Soft skill or essential to your workplace development? Something you’re born with or a muscle that needs flexing to stay strong? More likely to be found in females over males? Though emotional intelligence is widely discussed, myths and misconceptions remain about what it really is and how essential it is to your career.
MYTH: EQ (emotional quotient) is important, but traditional intelligence (IQ) is more important in business.
Not so, says American psychologist Daniel Goleman, whose seminal work Emotional Intelligence: Why It Can Matter More Than IQ argues that emotional intelligence accounts for 67% of the abilities deemed necessary for superior performance in business, mattering twice as much as IQ and technical skills. He says: “Without [EQ] a person can have the best training in the world, an incisive, analytical mind, and an endless supply of smart ideas, but he still won’t make a great leader.”
Since the publication of Goleman’s book, an increasing number of organisations have invested in EQ-testing throughout the hiring process. Three quarters of those surveyed by CareerBuilder said that they value EQ more than IQ when it comes to promoting employees.
MYTH: Women are more emotionally intelligent than men.
Some measures suggest women are on average better than men at some forms of empathy, but other studies show that men do better than women when it comes to managing distressing emotions – both equally important components of emotional intelligence.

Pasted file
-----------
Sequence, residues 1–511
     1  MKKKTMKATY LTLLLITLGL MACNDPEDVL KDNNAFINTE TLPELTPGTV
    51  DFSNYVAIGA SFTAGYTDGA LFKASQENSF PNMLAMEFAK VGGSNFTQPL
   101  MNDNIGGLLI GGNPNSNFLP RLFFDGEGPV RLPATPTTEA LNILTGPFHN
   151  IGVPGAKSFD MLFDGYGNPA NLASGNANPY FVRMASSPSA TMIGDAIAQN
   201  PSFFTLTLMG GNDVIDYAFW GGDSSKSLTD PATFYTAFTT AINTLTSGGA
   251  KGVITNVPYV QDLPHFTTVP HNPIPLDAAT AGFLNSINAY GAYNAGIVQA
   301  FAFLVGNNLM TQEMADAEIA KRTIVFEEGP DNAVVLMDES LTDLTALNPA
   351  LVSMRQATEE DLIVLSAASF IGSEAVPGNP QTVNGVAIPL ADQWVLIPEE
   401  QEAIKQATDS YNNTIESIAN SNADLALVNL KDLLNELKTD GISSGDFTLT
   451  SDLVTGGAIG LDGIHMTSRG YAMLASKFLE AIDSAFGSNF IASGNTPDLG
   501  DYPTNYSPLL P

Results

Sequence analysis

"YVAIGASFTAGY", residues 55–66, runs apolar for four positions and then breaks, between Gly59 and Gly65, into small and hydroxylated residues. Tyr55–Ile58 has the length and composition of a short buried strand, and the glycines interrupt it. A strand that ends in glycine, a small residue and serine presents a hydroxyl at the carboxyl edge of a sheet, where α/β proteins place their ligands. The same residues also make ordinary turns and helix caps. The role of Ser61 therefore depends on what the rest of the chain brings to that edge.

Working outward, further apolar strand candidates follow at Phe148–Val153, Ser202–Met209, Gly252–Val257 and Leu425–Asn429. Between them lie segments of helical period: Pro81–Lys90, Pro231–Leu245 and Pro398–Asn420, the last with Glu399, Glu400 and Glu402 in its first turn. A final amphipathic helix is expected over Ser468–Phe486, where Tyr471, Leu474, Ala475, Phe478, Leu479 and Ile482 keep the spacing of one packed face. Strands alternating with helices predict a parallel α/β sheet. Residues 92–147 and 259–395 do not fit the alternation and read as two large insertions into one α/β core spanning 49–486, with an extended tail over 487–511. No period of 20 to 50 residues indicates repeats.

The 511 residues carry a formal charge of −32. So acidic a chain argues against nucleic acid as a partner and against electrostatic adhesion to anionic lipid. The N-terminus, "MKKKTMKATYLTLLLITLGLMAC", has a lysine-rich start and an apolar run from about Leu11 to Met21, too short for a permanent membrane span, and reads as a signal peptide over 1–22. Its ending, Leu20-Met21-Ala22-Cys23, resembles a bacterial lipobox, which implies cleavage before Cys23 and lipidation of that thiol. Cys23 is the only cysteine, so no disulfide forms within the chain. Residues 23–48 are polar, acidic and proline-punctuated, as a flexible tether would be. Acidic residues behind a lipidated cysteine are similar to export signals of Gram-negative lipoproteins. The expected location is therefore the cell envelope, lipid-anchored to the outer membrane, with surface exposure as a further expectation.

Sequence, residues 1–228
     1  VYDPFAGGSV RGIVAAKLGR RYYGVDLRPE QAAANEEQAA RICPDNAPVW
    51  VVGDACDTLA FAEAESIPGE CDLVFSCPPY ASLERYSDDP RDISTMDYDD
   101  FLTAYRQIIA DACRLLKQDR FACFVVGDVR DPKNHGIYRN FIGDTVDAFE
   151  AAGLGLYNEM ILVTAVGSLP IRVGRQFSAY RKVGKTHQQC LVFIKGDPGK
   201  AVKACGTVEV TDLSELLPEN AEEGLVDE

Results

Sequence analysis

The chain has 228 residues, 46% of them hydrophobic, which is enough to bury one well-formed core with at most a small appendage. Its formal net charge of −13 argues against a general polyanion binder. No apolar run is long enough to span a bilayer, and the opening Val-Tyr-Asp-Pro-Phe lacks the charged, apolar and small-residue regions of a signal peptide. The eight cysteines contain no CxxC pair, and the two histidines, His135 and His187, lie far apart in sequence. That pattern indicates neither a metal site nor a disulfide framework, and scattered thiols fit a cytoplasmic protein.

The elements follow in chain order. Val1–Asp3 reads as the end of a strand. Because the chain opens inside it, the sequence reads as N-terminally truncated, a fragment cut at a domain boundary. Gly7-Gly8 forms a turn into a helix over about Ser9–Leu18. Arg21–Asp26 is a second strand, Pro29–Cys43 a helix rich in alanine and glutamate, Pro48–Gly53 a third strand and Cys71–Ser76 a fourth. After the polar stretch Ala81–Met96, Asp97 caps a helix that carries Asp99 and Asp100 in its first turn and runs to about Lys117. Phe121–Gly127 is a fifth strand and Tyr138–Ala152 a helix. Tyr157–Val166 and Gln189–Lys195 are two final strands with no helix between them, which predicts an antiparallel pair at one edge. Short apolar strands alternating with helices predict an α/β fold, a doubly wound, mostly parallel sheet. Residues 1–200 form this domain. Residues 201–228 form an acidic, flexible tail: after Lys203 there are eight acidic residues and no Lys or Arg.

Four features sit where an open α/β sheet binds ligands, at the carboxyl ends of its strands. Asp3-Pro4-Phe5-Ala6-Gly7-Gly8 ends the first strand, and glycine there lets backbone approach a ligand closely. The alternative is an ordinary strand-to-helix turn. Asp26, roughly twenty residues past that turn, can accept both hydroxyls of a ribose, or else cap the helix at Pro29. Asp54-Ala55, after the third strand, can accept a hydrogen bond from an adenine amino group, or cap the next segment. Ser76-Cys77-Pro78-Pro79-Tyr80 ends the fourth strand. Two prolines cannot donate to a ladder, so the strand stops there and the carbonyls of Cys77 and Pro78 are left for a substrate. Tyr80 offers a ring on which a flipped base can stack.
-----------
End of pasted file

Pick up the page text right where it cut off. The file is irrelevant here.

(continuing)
It is therefore more accurate to say that men and women – in the most general terms and with plenty of room for differentiation within genders - are emotionally intelligent in different ways. For example, neuroscientists say that the male and female brains react in slightly different ways when they’re experiencing empathy with another person. Females witnessing another creature in distress show activity in the brain region called insula, which allows them to compute what another person might be feeling. Males also show activity in the insula, but they quickly stop showing activity in his area of the brain and move to demonstrating activity in another area related to problem solving. In short, females are generally more likely to stay with the feeling, while men are more likely to experience the feeling and then switch to trying to solve the problem that’s creating the disturbance.
It’s worth noting, that despite this processing difference, there have been no noticeable gender patterns in emotionally intelligent leaders. Among leaders with high EQ, men and women are equally strong.
MYTH: Emotional intelligence might be important to good leadership, but it’s still a ‘soft skill’ compared to technical attributes.
Goleman’s work dismissed the idea of emotional intelligence being a “nice to have” and labelled it a “must have”, but EQ is still deemed by many a “soft skill”. Countless studies, however, have demonstrated that emotional intelligence has tangible benefits, not just in the relationships between people, but also in the bottom lines of organisations large and small.